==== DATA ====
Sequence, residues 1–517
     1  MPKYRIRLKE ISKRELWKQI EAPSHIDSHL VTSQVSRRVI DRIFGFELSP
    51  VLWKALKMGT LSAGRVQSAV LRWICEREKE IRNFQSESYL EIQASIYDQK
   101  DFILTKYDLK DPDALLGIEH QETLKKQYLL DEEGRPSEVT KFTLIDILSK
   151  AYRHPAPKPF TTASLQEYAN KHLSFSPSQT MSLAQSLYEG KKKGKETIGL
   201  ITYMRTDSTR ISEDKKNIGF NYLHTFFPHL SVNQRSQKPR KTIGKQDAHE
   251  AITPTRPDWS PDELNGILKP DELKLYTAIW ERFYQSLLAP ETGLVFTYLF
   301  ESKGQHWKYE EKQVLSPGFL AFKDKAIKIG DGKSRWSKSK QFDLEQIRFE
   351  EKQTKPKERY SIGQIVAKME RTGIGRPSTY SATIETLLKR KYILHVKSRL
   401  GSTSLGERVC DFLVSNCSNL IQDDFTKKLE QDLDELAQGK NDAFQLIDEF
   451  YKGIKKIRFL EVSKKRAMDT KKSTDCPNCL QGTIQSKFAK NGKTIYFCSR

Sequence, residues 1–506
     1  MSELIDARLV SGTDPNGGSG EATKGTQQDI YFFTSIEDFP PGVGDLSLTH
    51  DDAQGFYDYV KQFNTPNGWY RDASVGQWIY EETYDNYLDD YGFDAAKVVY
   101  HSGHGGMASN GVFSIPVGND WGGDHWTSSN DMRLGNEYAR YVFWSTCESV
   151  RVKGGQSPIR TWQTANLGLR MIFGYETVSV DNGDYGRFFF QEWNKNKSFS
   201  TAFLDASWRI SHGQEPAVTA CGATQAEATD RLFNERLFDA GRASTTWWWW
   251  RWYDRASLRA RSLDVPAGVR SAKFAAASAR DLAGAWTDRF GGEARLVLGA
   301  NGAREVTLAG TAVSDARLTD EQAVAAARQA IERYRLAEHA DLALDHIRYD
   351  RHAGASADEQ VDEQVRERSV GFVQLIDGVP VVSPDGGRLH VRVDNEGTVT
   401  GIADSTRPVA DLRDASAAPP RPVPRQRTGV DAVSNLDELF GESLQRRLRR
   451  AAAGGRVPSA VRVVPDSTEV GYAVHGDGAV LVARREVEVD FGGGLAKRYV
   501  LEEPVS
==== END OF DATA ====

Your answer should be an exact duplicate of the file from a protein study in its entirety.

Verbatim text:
Sequence, residues 1–517
     1  MPKYRIRLKE ISKRELWKQI EAPSHIDSHL VTSQVSRRVI DRIFGFELSP
    51  VLWKALKMGT LSAGRVQSAV LRWICEREKE IRNFQSESYL EIQASIYDQK
   101  DFILTKYDLK DPDALLGIEH QETLKKQYLL DEEGRPSEVT KFTLIDILSK
   151  AYRHPAPKPF TTASLQEYAN KHLSFSPSQT MSLAQSLYEG KKKGKETIGL
   201  ITYMRTDSTR ISEDKKNIGF NYLHTFFPHL SVNQRSQKPR KTIGKQDAHE
   251  AITPTRPDWS PDELNGILKP DELKLYTAIW ERFYQSLLAP ETGLVFTYLF
   301  ESKGQHWKYE EKQVLSPGFL AFKDKAIKIG DGKSRWSKSK QFDLEQIRFE
   351  EKQTKPKERY SIGQIVAKME RTGIGRPSTY SATIETLLKR KYILHVKSRL
   401  GSTSLGERVC DFLVSNCSNL IQDDFTKKLE QDLDELAQGK NDAFQLIDEF
   451  YKGIKKIRFL EVSKKRAMDT KKSTDCPNCL QGTIQSKFAK NGKTIYFCSR

Sequence, residues 1–506
     1  MSELIDARLV SGTDPNGGSG EATKGTQQDI YFFTSIEDFP PGVGDLSLTH
    51  DDAQGFYDYV KQFNTPNGWY RDASVGQWIY EETYDNYLDD YGFDAAKVVY
   101  HSGHGGMASN GVFSIPVGND WGGDHWTSSN DMRLGNEYAR YVFWSTCESV
   151  RVKGGQSPIR TWQTANLGLR MIFGYETVSV DNGDYGRFFF QEWNKNKSFS
   201  TAFLDASWRI SHGQEPAVTA CGATQAEATD RLFNERLFDA GRASTTWWWW
   251  RWYDRASLRA RSLDVPAGVR SAKFAAASAR DLAGAWTDRF GGEARLVLGA
   301  NGAREVTLAG TAVSDARLTD EQAVAAARQA IERYRLAEHA DLALDHIRYD
   351  RHAGASADEQ VDEQVRERSV GFVQLIDGVP VVSPDGGRLH VRVDNEGTVT
   401  GIADSTRPVA DLRDASAAPP RPVPRQRTGV DAVSNLDELF GESLQRRLRR
   451  AAAGGRVPSA VRVVPDSTEV GYAVHGDGAV LVARREVEVD FGGGLAKRYV
   501  LEEPVS